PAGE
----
‘Wilderness’ Review: A Fun, Chaotic Prime Video Thriller

‘Wilderness’ Review: A Fun, Chaotic Prime Video Thriller

One of the extraordinary delusions of patriarchy suggests that if women are “good” or “wholesome,” they will be rewarded. Those prizes can come in different forms but typically encompass an ideal life with a perfect partner and children. Any imperfections and cracks can only exist beyond the frame of what’s being showcased to the public. In actuality, patriarchy has no winners. It’s a suffocating mirage. The disillusionment of being an “idyllic” woman quickly becomes too much of a burden. While some people can stick it out to the bitter end, others claw their way out of this suppressed existence or lose themselves trying to escape.

Adapted from B.E. Jones’ novel of the same name, Amazon Prime Video’s six-episode series “Wilderness” focuses on betrayal and vengeance. The revenge thriller begins on the open roads somewhere in the American West. A British couple, Liv (Jenna Coleman) and Will Taylor (Oliver Jackson-Cohen) are riding in a blue Mustang and basking in the sun. Though the pair look like they could be placed on the cover of a J.Crew catalog, their relationship isn’t quite so picturesque.

“Wilderness” then pulls the viewer nine months into the past. Fresh from the U.K., Will and Liv are ecstatic to settle into a gorgeous New York City apartment. Will has been promoted to events manager at his hospitality company. Unfortunately, their relocation has put Liv’s career as a journalist on hold. Without a work visa, she’s along for the ride, relegated to keeping house and working on her novel. Though things seem magical initially, the duo’s first Christmas in Manhattan crumbles in a frenzy of smashed pies and shattered ornaments when Liv learns Will has cheated on her.

After begging for forgiveness and promising his transgression was just a one-time thing, Will gives Liv the honeymoon of a lifetime, a road trip through the West Coast. At first, Liv seems intent on forgiving her husband and moving forward, resetting their life and marriage. Yet, just before the duo embarks on their adventure, Liv learns that Will’s affair with his co-worker Cara (Ashley Benson) is much more involved than he admitted. Enraged by Will’s deceit, Liv keeps these newfound revelations to herself and begins plotting her husband’s “accidental” death during their vacation. However, her plans are thwarted when the pair crosses paths with Cara and her oblivious boyfriend Garth (Eric Balfour) during a hike in Yosemite National Park.

Female hysteria has been a label and tool used to control women for centuries. However, stories like “Gone Girl,” “Promising Young Woman,” and even the television adaptation of “Fatal Attraction” all centering vengeful ladies are finally unpacking the circumstances that would drive a clearheaded woman to the brink. Dealing with broken trust is painful in itself. But to be constantly lied to and gaslit by the person who promised to be your safe space could drive anyone to madness, female-identifying or otherwise.

Throughout the premiere and into the second episode, there is nothing spectacular about “Wilderness.” The typical plot points are all present as the audience waits with bated breath to see which of Will’s lies might finally unleash the rage brewing beneath Liv’s skin. Yet, as the show moves into Episode 3, everything shifts. Liv’s plan is pushed off course, and the resulting action and violence are shocking enough to make the viewer sit up just a bit straighter. Additionally, creator Marine Dickens is careful to ensure the women in the series aren’t positioned in competition with one another. Talia Balsam as Will’s boss, Bonnie, and Marsha Stephanie Blake as Detective Rawlins are great, but Coleman is wickedly fantastic as Liv. She can endear the audience to Liv and her plight in one scene only to unleash her monstrosity in the next. Similarly, Will slowly shifts from irritating to repugnant, leaving the audience with no one to root for, but still determined to see who might come out on top in the couple’s increasingly retaliative relationship.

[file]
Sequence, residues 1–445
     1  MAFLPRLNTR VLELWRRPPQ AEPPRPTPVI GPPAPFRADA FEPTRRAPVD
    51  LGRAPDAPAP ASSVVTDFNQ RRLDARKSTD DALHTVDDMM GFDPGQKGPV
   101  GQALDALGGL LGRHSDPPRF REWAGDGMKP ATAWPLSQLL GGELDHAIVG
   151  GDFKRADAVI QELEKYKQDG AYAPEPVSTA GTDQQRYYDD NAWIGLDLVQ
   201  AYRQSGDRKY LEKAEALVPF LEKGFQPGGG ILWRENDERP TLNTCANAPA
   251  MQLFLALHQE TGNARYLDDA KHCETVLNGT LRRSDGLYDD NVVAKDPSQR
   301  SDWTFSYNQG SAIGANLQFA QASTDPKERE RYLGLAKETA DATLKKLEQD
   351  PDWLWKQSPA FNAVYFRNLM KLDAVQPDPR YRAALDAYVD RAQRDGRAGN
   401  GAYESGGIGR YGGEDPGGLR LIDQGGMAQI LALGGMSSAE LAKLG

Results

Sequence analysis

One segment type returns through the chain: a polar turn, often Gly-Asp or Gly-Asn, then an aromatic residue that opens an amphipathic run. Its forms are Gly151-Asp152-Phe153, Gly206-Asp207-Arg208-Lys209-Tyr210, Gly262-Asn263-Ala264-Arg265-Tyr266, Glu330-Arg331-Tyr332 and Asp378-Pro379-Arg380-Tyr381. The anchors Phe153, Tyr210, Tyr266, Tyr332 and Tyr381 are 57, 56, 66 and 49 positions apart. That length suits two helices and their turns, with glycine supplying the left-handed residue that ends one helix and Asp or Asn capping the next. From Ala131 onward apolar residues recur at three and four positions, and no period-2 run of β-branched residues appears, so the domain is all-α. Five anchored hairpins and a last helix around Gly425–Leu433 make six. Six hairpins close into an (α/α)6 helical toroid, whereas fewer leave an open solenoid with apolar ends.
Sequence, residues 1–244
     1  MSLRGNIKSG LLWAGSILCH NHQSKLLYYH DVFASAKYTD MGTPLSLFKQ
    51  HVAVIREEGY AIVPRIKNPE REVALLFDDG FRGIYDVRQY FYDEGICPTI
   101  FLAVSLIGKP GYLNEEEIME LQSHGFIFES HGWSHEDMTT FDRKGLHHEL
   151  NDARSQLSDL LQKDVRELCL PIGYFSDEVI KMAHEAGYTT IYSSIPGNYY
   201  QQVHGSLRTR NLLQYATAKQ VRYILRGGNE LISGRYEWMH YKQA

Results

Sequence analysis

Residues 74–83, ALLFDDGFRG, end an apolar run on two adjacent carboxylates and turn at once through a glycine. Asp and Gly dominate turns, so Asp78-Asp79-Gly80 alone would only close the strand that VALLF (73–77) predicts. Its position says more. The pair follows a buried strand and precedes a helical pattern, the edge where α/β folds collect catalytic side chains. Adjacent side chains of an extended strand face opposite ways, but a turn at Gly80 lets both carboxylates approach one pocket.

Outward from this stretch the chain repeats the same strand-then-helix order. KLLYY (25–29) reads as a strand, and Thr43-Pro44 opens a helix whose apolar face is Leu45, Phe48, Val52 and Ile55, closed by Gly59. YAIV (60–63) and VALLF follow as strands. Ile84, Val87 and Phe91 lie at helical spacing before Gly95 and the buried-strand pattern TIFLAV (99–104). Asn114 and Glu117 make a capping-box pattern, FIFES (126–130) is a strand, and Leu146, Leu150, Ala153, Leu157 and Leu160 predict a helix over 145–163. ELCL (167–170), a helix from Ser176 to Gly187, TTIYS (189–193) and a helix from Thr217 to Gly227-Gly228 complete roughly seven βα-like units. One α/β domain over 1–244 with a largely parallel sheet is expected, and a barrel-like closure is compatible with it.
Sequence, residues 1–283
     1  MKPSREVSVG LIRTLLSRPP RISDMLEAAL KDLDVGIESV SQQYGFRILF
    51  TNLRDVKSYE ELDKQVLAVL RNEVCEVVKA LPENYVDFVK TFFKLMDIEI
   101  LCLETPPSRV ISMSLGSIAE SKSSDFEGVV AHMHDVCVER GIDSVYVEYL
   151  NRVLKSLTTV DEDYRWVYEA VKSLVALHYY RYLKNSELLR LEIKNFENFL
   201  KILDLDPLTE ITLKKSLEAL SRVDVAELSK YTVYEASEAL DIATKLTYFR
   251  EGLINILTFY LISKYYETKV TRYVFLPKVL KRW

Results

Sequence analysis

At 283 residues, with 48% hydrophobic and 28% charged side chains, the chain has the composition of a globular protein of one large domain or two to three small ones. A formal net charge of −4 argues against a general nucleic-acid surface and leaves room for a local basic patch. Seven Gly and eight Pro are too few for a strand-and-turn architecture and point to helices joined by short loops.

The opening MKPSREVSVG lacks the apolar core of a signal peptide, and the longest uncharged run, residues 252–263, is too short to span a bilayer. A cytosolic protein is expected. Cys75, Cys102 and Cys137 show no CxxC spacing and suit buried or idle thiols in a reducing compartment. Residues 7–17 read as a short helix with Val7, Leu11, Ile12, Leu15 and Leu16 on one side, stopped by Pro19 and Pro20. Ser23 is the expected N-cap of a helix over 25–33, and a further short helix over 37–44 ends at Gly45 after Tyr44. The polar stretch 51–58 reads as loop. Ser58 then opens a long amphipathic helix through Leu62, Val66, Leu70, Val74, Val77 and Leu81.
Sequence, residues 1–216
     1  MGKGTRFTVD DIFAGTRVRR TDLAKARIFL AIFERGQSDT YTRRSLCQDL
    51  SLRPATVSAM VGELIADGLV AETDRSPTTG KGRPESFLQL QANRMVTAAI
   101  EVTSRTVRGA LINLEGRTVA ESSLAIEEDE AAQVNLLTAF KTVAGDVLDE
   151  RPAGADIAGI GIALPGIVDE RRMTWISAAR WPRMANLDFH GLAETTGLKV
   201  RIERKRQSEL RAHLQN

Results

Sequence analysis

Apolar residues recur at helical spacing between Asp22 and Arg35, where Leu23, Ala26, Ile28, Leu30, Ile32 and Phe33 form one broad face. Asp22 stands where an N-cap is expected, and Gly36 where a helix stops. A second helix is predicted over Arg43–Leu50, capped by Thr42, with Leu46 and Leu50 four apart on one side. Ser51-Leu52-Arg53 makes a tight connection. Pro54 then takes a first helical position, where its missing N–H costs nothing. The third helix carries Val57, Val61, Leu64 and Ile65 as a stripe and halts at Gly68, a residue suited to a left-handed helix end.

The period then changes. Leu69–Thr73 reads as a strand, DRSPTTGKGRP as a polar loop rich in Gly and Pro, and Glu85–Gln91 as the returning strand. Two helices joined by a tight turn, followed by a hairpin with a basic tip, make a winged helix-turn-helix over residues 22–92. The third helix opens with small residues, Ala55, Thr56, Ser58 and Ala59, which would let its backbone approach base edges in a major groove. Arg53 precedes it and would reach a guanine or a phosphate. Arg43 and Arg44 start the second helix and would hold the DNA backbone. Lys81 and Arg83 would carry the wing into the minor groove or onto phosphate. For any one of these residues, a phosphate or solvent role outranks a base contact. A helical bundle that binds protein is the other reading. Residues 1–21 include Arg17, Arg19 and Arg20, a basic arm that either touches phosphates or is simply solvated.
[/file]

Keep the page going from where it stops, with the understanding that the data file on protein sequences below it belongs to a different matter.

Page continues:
Despite its enticing twists and turns, “Wilderness” has some blemishes that are so baffling and surreal that they lean into the realm of trash TV. Since the series’ central themes are infidelity and revenge, it has some soap opera-leaning elements with overtly predictable outcomes. After all, what is a scandal-fueled drama without a chaotic gunfight? The overdramatization is reinforced by fragments of Taylor Swift’s “Look What You Made Me Do (Taylor’s Version)” playing across the show. Also, revelations about Liv’s past, including the reason for her strained relationship with her meddling and aggrieved mother, Caryl (Claire Rushbrook), are too belatedly revealed. Finally, Liv’s “friendship” with her neighbor Ash (Morgana Van Peebles), who is strangely besotted with the Brit, feels perfunctory.

Still, when it’s all said and done, “Wilderness” offers viewers more than a window into the mind of an aggrieved wife. Instead, it portrays a marriage built on lies and what happens when those deceptions fray, revealing the truth. As Liv and Will quickly learn, the facade they’ve created for onlookers has subsequently imprisoned them, transforming them into the most diabolical versions of themselves. That’s the thing about marriage: Once the commitment is made, wrapping your world around someone else’s, untangling the webs and roots merged in the union becomes nearly impossible. It’s especially true when you become intent on being the last one standing at the expense of your better half.

“Wilderness” premieres Sept. 15 on Prime Video.